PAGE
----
Then we'll have time for things like wedding rings and free hearts will sing
When the lights go on again all over the world 
Random notes: 

The thing is that it will never be enough, the idea of getting any meaningful closure with what amounts to just two episodes is ridiculous, and that Bomb Girls could have, and should have, lasted at least another three seasons, so it’s pointless to judge Facing the Enemy by the fact that it’s the last chapter that will ever be released. At least there’s no epilogue, pretending to wrap things up neatly. It feels more like a beginning than an end, which is possibly the most we could have hoped for. Facing the Enemy probably works best on the meta level of people who seem to have enjoyed working with each other rejoicing in one more chapter of the story. Lots of hugging.  

BUT I would have taken a kiss between Kate and Betty. I think it would have been necessary, and fitting, rather than have Kate play the bait, reclaim her sexuality as a weapon to be used in the fight, to have it for herself. It would have fit, it would have been entirely possible, it wouldn’t have been rushed, but someone made a choice against it, and that bothers me. 

Nobody will convince me that Kate isn’t still, and always, singing about Betty when she’s on stage – starting with the first  “Oh lover, please remember me when I go away” & the light still does glorious things to both their faces. The song she sang for Vera is my favourite: 

Give me a kiss to build a dream on and my imagination will thrive upon that kiss. Sweetheart I ask no more than this: A kiss to build a dream on. When I’m alone with my fancies I’ll be with you. Weaving romances making believe they’re true. Give me your lips for just a moment and my imagination will make that moment live.
Vera: He actually thinks I’m going to be some typical Italian wife.
Kate: Vera, you’re nobody’s typical anything.
VERA. I don’t know where to begin. It’s true that the violence that comes with war is random and cruel, and maybe a show like Bomb Girls has to portray that nobody is safe during this time, that there is no proper closure (just like there was none with James), it all ends in a formal letter delivered by a serviceman to the next of kin; but at the same time, killing Vera of all people feels like killing hope itself, feels like killing the one optimistic beautiful driving force seemingly capable of overcoming all obstacles and embracing life with the full force of her radiant being. I won’t be over this loss for a while; and it’s just one of those things that Anastasia Phillips accomplishment in this role will never be truly recognized. 

Of all the reactions to Vera joining up and then dying, I think Carol’s very subtle in-the-background acting floored me the most.  

Something unsettling about how completely Gladys is convinced that that girl with the fake security papers is the perpetrator, considering that Betty’s backstory isn’t all that different from hers, even if her family managed to shake the German identity early on – in the end, “facing the enemy” means facing an enemy that is very much within the country, not from the outside, poisoned by the fact that a murderous ideology isn’t really bound to borders and can cross oceans.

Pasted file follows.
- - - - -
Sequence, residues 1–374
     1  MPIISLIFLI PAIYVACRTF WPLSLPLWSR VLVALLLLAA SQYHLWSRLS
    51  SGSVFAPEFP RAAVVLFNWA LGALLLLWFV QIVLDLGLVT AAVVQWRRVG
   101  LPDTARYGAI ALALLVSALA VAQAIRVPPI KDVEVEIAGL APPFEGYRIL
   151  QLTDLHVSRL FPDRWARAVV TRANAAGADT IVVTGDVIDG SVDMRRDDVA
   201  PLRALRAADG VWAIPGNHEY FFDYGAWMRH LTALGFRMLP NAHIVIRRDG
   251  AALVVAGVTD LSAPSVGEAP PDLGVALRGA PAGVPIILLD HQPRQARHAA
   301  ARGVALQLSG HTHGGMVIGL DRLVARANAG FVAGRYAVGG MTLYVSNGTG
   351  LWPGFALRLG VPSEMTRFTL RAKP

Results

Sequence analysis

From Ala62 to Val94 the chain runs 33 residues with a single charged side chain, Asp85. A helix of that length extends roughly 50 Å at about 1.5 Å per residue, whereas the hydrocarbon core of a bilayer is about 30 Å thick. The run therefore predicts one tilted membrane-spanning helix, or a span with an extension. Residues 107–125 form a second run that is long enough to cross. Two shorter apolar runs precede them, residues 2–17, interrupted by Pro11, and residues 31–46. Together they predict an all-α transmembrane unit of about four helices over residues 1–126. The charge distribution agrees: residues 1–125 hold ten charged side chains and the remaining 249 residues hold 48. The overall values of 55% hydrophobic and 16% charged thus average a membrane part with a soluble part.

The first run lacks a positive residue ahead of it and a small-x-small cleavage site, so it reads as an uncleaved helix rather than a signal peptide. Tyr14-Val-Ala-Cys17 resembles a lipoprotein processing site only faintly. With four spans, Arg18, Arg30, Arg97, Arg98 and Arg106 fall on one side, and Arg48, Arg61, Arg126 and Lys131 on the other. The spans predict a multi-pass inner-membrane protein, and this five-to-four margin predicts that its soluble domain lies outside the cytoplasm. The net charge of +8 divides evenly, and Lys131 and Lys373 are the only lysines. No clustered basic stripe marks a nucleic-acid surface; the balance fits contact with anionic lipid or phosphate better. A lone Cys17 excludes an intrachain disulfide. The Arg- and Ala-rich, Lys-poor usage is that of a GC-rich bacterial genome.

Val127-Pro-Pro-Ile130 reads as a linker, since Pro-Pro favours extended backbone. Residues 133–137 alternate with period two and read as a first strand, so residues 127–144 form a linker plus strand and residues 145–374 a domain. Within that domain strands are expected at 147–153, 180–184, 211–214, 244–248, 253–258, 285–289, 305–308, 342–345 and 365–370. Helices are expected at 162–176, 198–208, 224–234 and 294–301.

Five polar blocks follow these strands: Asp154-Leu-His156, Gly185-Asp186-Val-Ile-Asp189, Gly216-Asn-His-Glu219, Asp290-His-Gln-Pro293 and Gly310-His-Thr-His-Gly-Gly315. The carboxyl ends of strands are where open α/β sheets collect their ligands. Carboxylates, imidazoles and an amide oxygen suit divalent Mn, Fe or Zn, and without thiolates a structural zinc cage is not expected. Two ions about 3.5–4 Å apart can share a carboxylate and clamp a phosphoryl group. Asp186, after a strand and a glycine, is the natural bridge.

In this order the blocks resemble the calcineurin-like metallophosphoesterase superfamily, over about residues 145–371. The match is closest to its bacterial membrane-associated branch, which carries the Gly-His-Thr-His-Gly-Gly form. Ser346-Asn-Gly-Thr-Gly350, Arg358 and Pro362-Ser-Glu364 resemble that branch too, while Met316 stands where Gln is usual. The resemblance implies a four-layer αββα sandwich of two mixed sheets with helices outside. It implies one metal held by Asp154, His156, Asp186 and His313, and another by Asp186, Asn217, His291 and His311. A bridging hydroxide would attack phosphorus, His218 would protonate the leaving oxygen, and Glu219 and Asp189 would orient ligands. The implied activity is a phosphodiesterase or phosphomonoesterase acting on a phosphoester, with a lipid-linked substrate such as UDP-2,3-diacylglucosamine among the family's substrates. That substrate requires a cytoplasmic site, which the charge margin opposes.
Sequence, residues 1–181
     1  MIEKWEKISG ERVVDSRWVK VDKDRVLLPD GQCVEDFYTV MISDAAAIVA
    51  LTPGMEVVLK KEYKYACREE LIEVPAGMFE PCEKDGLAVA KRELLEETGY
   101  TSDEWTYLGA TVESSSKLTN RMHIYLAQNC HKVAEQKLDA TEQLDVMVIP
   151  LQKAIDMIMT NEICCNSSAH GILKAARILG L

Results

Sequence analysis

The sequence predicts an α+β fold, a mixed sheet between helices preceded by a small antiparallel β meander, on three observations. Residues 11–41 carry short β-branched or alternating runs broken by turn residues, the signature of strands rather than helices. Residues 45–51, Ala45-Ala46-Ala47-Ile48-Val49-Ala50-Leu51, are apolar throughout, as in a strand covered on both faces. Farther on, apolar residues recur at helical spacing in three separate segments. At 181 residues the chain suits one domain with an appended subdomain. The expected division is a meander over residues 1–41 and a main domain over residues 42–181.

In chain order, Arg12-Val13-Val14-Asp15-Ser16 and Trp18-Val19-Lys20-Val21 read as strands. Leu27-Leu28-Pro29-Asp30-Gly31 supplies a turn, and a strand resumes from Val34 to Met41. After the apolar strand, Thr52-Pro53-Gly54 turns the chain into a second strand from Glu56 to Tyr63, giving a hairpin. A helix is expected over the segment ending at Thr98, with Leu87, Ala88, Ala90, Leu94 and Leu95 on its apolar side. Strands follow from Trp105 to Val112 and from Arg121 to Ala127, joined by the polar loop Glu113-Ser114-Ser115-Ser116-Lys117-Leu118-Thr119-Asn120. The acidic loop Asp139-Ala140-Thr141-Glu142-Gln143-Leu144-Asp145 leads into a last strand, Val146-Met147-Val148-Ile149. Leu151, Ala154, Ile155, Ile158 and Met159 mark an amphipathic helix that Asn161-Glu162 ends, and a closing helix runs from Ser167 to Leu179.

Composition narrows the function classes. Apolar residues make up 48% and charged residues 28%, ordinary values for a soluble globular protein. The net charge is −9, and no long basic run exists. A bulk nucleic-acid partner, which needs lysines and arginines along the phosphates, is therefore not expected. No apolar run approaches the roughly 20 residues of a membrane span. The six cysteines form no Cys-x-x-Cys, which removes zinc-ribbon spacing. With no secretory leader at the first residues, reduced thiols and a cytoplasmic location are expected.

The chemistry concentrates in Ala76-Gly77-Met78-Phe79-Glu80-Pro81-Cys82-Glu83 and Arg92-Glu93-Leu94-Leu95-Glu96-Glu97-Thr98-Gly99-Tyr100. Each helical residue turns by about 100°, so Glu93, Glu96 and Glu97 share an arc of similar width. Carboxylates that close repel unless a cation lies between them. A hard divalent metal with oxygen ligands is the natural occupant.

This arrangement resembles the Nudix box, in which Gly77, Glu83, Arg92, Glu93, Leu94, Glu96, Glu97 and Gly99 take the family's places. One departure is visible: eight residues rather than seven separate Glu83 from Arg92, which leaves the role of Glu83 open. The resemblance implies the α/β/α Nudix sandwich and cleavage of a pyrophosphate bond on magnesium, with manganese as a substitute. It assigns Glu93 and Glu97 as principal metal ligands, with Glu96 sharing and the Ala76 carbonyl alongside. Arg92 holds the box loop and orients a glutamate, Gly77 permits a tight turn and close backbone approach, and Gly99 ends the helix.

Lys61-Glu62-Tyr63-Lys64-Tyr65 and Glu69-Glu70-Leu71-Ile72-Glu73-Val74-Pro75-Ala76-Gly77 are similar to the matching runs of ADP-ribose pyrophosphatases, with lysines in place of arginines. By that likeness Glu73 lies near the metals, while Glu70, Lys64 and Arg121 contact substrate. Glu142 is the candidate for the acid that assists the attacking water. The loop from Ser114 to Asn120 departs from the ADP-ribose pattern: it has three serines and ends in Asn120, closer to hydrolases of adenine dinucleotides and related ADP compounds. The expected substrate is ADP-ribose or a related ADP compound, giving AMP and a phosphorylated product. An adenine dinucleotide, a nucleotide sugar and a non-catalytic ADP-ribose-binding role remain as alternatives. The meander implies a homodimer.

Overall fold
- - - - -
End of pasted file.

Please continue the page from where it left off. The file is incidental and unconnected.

(and it’s a small moment, but Berman explaining that he has joined a group that is trying to draw attention to the suffering of European Jews is heart-breaking, because the restrictive immigration policy meant that there was no safe haven in many cases and in 1943, information about the camps had just started to come to the attention of the public. He is very formal in his plea, which makes it even more emotional). 

Oh Ivan. It’s like an escalation of terrible decisions which end in a pen that is also a bomb and a woman who loved him but was also responsible for his death. 

I don’t know what to say. That’s it. There would have been so much more to say.


Anonymous said...

I can't even. Thanks for your interpretation of the McAndrews bits we did get. I saw it the same way. It's sad that they decided to have it be only subtext and the background of the already sidestory. This and the whole movie just wasn't enough.

But I'm not only sad about the show ending (for now?), I'll also be sad about not reading articles about it by bright people like you.

Thanks for your work! Your comments and interpretations are always spot on :)

(And just by the way, I think it's telling that there've been 45minutes-episode recaps that you had more to say about than the 90 minute film. And I hope you do understand that that is no critique that's meant for you.)

Lied89 from Twitter :D

cathy leaves said...

Thank you so much!
It could have never been enough. I'm also not just sad to lose the characters (even if they live on in my imagination), but also the discussions and debates etc. And I will always look for that care and passion that everyone involved in Bomb Girls put into it in other shows, it sets a very, very high standard.
(and yes, I didn't have that much to say about the spy plot. An episode like 'Something Fierce' will always be the ultimate comparison in terms of how many feels a writer can fit into just 45 minutes of television)